When starting a business, you’ll have your choice of several different business structures, each of which comes with advantages and disadvantages. But weighing those complex pros and cons against each other to find the “right” business structure can be difficult, even for an experienced entrepreneur.
Instead of trying to objectively find the perfect business structure, it’s often better to identify the best structure for each of several goals, then decide how those goals play into your specific business model.
Let’s start with the basics. These are the main business structures we’ll be focusing on in this article:
- Sole proprietorships. Sole proprietorships are managed and owned by a single person, who collects profits as an individual and is individually liable for anything that happens in the business. In most cases, little (if any) paperwork is required to get started.
- Partnerships are similar to sole proprietorships, but are designed for two or more people working together and splitting the profits.
- Limited liability companies (LLCs) are a separate business entity, designed to protect the owners from liability issues and in some cases, provide tax advantages. Taxes are paid by owners only when income or profits are taken from the company, and you can use a registered agent to establish and manage your LLC in a different state.
- C-corporations and S-corporations. Both C-corporations and S-corporations are separate entities, like LLCs, designed to shield owners from liability issues. However, corporations can raise money by issuing public or private shares, and any income they make is taxed. They offer more protection, but also have more rules and regulations.
Potential Goals to Consider
When creating your business, think about the importance of each of the following goals to your journey as an entrepreneur (and your business’s natural strengths and weaknesses):
- In terms of simplicity, it’s tough to beat a sole proprietorship. You won’t have to file much paperwork (if any), and you can get started immediately. You’ll file taxes as an individual, and won’t be subject to many rules or restrictions. Partnerships are a close second here. Corporations are on the other end of the spectrum; they’re burdened with paperwork, rules, and restrictions that require near-constant maintenance.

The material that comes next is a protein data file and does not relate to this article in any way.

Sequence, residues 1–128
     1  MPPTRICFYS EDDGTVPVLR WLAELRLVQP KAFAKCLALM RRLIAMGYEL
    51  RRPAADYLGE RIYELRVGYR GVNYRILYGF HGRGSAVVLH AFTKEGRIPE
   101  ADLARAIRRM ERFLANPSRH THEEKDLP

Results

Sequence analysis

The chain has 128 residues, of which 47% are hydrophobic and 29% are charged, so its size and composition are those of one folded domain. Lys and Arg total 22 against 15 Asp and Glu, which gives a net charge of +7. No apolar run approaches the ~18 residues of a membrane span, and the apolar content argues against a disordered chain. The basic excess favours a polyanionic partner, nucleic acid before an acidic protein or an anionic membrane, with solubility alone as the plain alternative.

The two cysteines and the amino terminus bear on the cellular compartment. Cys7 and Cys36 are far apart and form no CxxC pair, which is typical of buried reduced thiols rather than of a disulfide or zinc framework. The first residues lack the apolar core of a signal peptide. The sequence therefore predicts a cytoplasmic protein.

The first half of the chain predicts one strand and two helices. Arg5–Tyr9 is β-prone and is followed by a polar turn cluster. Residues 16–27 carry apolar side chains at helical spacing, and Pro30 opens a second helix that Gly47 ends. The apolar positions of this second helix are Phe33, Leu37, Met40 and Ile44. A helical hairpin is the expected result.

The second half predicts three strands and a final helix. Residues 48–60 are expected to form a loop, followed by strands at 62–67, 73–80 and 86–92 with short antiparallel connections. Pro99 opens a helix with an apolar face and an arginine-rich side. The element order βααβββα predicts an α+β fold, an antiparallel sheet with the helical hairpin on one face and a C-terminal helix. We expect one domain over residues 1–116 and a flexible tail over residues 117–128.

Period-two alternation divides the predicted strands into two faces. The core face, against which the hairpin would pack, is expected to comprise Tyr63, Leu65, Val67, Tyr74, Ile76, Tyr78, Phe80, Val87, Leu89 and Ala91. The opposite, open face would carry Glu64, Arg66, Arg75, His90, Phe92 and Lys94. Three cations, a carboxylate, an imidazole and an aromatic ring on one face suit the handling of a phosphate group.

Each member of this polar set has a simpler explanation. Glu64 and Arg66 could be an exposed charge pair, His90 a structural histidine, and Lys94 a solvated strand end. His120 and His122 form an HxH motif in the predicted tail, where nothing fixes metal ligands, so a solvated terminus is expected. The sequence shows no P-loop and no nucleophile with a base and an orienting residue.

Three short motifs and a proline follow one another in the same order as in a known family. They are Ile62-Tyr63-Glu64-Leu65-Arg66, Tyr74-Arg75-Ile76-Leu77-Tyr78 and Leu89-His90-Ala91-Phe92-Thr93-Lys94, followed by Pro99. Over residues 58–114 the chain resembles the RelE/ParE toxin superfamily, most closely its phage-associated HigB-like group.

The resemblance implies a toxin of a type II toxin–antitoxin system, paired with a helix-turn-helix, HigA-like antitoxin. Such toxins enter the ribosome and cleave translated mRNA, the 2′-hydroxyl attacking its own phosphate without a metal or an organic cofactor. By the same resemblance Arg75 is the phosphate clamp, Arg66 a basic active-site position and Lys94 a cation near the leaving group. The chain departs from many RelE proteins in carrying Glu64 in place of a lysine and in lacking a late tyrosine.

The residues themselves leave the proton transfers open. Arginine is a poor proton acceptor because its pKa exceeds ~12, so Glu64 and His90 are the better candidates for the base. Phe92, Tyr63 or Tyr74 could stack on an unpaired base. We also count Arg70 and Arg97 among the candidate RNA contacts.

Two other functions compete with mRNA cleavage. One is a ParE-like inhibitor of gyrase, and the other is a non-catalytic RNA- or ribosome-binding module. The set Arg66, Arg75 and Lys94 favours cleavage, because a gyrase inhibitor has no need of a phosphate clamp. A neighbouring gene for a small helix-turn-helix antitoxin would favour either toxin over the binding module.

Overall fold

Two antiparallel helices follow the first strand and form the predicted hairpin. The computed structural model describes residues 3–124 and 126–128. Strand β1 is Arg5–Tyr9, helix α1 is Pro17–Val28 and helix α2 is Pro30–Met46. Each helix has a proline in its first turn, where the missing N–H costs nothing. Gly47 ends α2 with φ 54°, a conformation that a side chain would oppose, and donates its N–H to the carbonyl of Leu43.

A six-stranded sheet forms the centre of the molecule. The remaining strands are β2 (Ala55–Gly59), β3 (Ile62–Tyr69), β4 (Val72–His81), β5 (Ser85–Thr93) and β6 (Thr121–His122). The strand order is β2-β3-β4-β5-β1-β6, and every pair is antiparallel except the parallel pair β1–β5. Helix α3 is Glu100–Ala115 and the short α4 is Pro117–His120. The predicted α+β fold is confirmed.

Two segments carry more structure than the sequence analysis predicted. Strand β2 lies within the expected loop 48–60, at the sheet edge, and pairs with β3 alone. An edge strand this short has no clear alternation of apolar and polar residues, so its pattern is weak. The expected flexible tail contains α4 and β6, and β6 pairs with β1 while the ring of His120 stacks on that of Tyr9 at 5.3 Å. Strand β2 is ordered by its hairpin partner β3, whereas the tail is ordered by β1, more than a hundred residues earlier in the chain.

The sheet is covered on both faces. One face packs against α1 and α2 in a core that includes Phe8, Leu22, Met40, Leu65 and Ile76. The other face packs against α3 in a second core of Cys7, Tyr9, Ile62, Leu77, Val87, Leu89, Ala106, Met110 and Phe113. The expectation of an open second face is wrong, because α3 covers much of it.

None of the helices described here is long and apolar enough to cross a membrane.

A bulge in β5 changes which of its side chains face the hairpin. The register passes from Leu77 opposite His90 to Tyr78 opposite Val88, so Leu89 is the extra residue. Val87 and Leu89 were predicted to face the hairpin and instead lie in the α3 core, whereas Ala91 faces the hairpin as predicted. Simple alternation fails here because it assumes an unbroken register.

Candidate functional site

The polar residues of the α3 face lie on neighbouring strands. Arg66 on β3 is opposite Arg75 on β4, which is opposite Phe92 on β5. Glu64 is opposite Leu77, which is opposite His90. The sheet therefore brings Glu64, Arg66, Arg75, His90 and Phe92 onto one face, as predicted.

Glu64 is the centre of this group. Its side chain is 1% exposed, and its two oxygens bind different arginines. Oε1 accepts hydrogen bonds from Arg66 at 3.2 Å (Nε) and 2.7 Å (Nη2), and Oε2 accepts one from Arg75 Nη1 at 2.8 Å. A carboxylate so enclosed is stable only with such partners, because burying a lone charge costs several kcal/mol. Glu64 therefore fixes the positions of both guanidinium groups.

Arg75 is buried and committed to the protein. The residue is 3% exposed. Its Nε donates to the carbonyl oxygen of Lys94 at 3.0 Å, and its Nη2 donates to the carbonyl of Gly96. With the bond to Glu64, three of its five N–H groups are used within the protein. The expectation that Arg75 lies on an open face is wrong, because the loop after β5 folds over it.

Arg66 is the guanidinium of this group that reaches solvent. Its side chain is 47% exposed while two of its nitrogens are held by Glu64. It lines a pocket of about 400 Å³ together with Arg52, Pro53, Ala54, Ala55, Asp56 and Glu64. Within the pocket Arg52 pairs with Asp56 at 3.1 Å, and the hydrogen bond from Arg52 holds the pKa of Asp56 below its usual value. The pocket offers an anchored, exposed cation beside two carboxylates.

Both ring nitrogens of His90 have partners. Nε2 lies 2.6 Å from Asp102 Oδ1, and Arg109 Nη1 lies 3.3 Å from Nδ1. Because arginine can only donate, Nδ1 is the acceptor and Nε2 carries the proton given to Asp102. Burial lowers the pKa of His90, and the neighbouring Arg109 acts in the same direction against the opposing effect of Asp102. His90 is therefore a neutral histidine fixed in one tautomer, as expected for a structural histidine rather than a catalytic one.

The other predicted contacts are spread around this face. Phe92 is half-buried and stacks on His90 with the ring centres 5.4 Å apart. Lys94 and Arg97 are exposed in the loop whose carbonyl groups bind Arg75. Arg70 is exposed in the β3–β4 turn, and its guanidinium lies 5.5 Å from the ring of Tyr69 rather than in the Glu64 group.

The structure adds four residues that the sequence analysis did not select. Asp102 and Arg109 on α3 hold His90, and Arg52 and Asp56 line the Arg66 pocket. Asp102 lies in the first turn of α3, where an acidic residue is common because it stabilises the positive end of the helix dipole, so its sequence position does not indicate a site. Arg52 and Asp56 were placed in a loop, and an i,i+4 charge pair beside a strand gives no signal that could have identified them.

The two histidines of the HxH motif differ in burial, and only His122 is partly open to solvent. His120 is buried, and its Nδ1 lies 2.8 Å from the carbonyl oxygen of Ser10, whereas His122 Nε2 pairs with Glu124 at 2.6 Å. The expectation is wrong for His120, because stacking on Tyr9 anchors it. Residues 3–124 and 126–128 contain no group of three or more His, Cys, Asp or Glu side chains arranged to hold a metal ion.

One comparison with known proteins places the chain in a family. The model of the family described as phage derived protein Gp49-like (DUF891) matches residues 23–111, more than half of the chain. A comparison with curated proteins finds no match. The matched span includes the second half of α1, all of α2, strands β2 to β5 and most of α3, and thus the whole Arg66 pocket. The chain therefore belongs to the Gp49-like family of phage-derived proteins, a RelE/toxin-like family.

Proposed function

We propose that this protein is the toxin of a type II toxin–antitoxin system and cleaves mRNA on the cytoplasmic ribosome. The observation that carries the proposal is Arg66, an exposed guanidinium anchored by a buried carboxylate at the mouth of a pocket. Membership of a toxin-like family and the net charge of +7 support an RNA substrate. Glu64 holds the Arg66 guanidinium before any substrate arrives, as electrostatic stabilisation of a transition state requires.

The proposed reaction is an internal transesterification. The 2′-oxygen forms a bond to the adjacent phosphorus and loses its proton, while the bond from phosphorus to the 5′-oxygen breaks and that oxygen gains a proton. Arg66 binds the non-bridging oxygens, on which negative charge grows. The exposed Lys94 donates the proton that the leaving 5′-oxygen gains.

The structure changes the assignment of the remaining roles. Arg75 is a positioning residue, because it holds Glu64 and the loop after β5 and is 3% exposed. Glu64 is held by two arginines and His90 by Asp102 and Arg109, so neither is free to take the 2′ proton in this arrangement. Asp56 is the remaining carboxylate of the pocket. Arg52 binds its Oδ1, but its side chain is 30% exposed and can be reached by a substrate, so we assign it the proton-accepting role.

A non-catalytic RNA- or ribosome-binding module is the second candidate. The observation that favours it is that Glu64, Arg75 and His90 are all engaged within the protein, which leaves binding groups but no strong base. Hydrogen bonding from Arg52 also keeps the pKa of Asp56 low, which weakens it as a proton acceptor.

- Taxes are complicated and more subjective than the other goals on this list. In many cases, corporations bear the heaviest tax burden, since any income made by the business is taxed, and any income or profits withdrawn by shareholders are also taxed, essentially making it taxed twice. LLCs allow you more flexibility when it comes to taking taxes, since it’s a pass-through entity, but may also be subject to a corporate tax rate in some states. Sole proprietorships and partnerships are taxed simply and individually, giving you less control but, in some cases, fewer total taxes to pay.
- In terms of liability, there’s no question that corporations give you the most protection, with LLCs in a close second. These are treated as separate legal entities, so only in marginal cases could a business owner be held liable for something the business did. In a sole proprietorship or partnership, you could be held personally liable for anything that goes wrong.
- Long-term growth. Because corporations allow you to raise funds from shareholders, and have built-in structures that make it easy to expand, they offer you the most potential for long-term growth. Again, LLCs come in a close second here. Sole proprietorships and partnerships can only move as fast as their owners will allow, so they tend to grow more slowly.
- Though this point is somewhat subjective, it’s true that companies that have a formalized business structure (i.e., LLC or corporation status) tend to be taken more seriously than others. Being a sole proprietor or a partner may make you seem less professional to your prospective customers.
Other Variables to Consider
There are other variables to consider as well:
- It’s definitely possible to change your business structure as the need arises, though it can be a bit of a pain. If you don’t think you’ll be growing aggressively for a few years, you can start out as a sole proprietorship, and then upgrade to an LLC or corporation when you start to outgrow that structure.
- State rules. Each state has different rules for its LLCs and corporations. It may be in your best interest to start one of these business types in a state other than your primary residence, so evaluate the rules and regulations for each one.
- Caveats and opportunities. Some opportunities may only be available to certain business structures. For example, some businesses may prefer to only work with established LLCs or corporations.
There’s rarely a single “right” answer for what business structure you should choose, but if you know which goals are your top priorities, you should be able to choose a structure that makes sense. Consider your options carefully, and talk to peers who have already gone through the process so you can better understand it.